We realise the documentation is a bit sparse around auth login and permissions. I'll make sure the documentation is updated soon for the same with a guide and examples.
Thank you for your feedback!
It's a snappy admin UI and I love the auto-generating docs. All around excellent job!
I'm so glad you liked it and thank you so much for your feedback! We are working very hard to ensure that the onboarding is smooth and the learning curve flat :)
* Complete no code - Bubble
* Out of the box code - Next.js etc.
* Code - Node JS / Express etc.
Where do you fit in? Who chooses you over the other options?
Because the disadvantage of yours is lock-in / pricing / up-skilling to a non-standard way. Same problems as many others - Bubble.io etc.
There must be some killer win you get from using this.
Bubble lets people who have never coded build a rough MVP, maybe get some orders, so I can see why people fork up the $ and struggle through that UI, because the alternative is a 4-5 figure fee from a freelance programmer.
But I don't think Canonic avoids code as you still need to do the front end. (Maybe that's it? You create a front end version of Canonic next?)
So I'm interested in who will buy this and why.
Out of the ones mentioned, we are probably closest to Bubble. However, as you rightly said we are currently focused on the backend API building problem.
As we've been pivoting to be a more citizen-first non-tech friendly platform, frontend on Canonic is something we have been discussing and debating frequently.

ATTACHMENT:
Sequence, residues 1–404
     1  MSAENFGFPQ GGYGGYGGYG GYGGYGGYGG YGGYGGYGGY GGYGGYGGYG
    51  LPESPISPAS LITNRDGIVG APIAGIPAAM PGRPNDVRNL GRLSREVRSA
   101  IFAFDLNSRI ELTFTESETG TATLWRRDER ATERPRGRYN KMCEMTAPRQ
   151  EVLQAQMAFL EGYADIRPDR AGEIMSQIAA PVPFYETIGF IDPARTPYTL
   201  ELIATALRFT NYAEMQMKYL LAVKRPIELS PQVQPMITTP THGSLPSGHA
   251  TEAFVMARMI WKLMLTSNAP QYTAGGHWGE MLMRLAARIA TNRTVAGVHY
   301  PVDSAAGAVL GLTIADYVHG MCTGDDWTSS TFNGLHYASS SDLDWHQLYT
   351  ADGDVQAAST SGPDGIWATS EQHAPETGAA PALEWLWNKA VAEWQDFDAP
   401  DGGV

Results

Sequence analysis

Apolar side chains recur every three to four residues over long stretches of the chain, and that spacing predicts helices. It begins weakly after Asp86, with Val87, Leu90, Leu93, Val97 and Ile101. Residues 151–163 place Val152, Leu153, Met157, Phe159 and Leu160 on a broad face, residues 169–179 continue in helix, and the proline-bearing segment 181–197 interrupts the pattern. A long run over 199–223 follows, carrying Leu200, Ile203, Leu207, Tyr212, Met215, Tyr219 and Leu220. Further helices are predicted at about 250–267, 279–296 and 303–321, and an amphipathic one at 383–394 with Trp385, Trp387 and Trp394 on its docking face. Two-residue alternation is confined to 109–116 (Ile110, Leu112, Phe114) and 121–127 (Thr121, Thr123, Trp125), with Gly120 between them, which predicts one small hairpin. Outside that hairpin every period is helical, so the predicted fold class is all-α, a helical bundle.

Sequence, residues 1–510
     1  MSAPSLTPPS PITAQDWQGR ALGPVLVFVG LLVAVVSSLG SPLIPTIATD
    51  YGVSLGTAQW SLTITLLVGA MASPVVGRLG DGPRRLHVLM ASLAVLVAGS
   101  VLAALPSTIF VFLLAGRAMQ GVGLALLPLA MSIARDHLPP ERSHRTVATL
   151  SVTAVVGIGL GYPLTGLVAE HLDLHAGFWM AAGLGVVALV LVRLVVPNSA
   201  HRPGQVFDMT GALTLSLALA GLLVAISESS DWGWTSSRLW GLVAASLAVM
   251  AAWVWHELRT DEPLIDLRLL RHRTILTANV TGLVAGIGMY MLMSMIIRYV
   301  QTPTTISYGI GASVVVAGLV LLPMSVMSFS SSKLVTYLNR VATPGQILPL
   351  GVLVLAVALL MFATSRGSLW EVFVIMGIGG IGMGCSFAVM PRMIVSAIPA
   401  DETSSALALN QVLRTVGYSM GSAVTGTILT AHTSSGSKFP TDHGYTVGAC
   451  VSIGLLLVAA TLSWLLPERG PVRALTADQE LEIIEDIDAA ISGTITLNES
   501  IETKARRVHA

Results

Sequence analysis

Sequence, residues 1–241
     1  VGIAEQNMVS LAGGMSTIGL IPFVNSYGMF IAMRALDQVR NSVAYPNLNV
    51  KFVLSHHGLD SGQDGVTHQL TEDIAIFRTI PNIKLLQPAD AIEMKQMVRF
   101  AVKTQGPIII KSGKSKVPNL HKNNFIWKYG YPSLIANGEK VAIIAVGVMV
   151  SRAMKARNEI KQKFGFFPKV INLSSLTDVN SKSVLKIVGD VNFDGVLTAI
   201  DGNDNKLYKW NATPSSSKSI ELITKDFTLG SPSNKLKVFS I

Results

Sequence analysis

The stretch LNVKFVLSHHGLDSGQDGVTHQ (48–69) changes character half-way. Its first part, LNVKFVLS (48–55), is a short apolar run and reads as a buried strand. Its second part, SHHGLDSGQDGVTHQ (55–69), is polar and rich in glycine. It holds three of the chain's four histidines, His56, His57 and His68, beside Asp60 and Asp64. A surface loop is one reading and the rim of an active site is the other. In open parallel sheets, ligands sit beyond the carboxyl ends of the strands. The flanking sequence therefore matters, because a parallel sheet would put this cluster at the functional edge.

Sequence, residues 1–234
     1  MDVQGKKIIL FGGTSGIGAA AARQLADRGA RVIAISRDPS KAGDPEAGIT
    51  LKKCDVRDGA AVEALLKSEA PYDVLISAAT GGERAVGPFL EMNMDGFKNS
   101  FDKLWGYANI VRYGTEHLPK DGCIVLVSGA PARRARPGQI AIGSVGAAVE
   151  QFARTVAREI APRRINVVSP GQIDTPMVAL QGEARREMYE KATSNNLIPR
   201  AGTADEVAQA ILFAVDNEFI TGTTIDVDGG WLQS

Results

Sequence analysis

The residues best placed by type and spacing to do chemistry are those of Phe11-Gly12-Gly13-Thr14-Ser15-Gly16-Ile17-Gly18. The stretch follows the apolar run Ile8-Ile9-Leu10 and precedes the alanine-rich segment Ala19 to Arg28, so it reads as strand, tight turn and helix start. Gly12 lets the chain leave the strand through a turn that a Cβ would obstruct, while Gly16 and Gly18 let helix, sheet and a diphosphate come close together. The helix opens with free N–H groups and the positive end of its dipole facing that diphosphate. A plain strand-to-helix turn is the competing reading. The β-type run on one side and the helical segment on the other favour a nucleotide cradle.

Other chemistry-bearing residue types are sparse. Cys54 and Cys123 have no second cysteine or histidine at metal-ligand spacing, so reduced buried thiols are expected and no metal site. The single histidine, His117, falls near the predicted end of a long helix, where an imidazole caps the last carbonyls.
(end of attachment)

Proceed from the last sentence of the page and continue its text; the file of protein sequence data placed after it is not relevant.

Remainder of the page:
The main concern with a frontend builder for us is the need for it to truly be as close to a design tool as possible. The frontend of an application frequently ends up being unique to accommodate branding and creative freedom and becomes hard to fit in a traditional drag-n-drop tool. We just want to make sure, we are truly solving that problem and not just making another frontend builder that people have to wrangle to get their designs to fit.
As for lock-in, we do want to avoid it all costs and our working on strategies and features that would allow you to migrate in and out of Canonic with ease.
Currently, Canonic is a great fit for anyone who wants to build a backends quickly and without writing code. Some level of technical know-how is, however, required. We do hope to eliminate that soon.
P.S. Canonic plans to have a free forever plan for getting started and hobbyist projects
We feel that currently, the learning curve is pretty minimal. Given the hours it'll save one from coding, maintaining and bug fixing. However, we will definitely keep this in mind when thinking ahead.
Thank you so much for the feedback!
I've never heard "solution" used as a verb before. It reads rather odd to me, but the product seems interesting :)
The documentation is based on Gatsby!
The vision is to reduce the complexity (and terminology) down to a point where one would need no prior knowledge of engineering to actually apply their business logic. We’ve been slowly pivoting towards citizen first development and the goal is to get there sooner or later!
Hasura on the other hand, I feel offers a superior developer experience but that comes at the cost of alienating non-technical/citizen developers. Backend knowledge still plays a pivotal role in how well you can use Hasura.